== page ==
Of course you have to remember that this is not the actual legislation, but it's what they are working to so gives you a heads up if you have to dispute what they are saying.

    And yes, permitted work should be a lot easier to understand, especialy where variable earnings are involved.

    Lets face it, they want people with health problems to get back to work so why make it so difficult?.

    As far as I can work them out if you exceed the limit(s) in any one week it only stops your ESA entitlement for that week.

    But I myself have fallen foul of permitted work in the past where my ESA was suspended for a week because of PW rules, and they told everyone else, (Council for HB, direct payments to electricity supplier, etc.) that it had been stopped.
    Took me 2 months to sort it all out again.
    Last edited by nukecad; 24-10-15 at 22:28.
    I don't know everything. - But I'm good at searching for, and finding, stuff.

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  5. #5
    Thanks for the warnings nukecad!

    I'll definitely check anything out with my Personal Advisor first. It sounds quite easy to trip up!

    Quote Originally Posted by nukecad View Post
    Lets face it, they want people with health problems to get back to work so why make it so difficult?
    I agree. What I find particularly irksome is the 52 week limit. It effectively stops people who can only manage a few hours, from having a go! I suppose the reason is to stop fairly well people, supposedly, from "abusing" PW, but as we all know there are plenty of people in the WRAG who are not well at all, some of which should be in the Support Group, under a more reasonable system.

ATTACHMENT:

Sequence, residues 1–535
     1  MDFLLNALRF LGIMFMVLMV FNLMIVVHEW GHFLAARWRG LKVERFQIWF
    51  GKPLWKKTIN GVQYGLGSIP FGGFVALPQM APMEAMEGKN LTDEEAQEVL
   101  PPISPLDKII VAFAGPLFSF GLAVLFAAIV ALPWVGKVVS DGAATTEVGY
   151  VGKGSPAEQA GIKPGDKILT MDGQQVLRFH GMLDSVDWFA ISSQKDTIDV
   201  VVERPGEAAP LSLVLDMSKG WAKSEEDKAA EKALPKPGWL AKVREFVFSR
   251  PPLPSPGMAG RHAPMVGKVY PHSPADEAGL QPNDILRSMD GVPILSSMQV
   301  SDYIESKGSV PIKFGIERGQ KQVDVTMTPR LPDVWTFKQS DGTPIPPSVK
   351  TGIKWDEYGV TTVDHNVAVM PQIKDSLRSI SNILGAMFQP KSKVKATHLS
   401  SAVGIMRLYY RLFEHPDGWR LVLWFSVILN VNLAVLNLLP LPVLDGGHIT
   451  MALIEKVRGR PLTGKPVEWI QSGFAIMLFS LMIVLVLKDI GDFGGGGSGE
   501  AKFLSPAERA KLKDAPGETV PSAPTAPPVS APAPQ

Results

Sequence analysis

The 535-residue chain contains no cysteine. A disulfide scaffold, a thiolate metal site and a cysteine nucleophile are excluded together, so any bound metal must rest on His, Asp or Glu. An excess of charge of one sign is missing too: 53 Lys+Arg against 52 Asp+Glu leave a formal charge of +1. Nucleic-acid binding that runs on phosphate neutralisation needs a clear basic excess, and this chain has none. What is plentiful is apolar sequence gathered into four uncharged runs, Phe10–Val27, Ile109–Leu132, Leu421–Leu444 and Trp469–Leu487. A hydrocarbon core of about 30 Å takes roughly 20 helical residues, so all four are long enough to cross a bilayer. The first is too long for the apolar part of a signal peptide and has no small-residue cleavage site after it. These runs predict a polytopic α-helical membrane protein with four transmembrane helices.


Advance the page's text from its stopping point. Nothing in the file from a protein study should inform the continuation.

6. #6
    Senior Member nukecad's Avatar
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    Ah, the infamous 52 week limit in WRAG.

    Are you aware that if you do only one day permitted work then that starts counting the 52 weeks?

    Even if you do no more PW for the remainder of those 52 weeks you are still barred from PW for the following 52.

    (And after the first 52 weeks are up they will suspend your claim because they say you are working, even though you are not, thats what happend with me after doing just 2 weeks PW).
    Last edited by nukecad; 28-10-15 at 00:53.
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  7. #7
    Quote Originally Posted by nukecad View Post
    Ah, the infamous 52 week limit in WRAG.

    Are you aware that if you do only one day permitted work then that starts counting the 52 weeks?

    Even if you do no more PW for the remainder of those 52 weeks you are still barred from PW for the following 52.
    Yes, I was aware of this. It's very unfair!

    Quote Originally Posted by nukecad View Post
    (And after the first 52 weeks are up they will suspend your claim because they say you are working, even though you are not, thats what happend with me after doing just 2 weeks PW).
    I'm wondering why they did this? Was this another of their mistakes?!?

  8. #8
    Senior Member nukecad's Avatar
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    If being charitable you could say it was a mistake.

    If being cynical you could say it was deliberate.

    From the wording of the form that they sent me after 52 weeks I would say the second.
    There was no option on that form to say that you were no longer doing permitted work, just that you would stop claiming benefits or that you would stop working and make a new claim.

    I should have a copy of that letter/form somewhere, I'll see if I can find it.
    (But I may have been too annoyed at the time to think straight and make a copy).
    I don't know everything. - But I'm good at searching for, and finding, stuff.

    Migration from ESA to Universal Credit- Click here for information.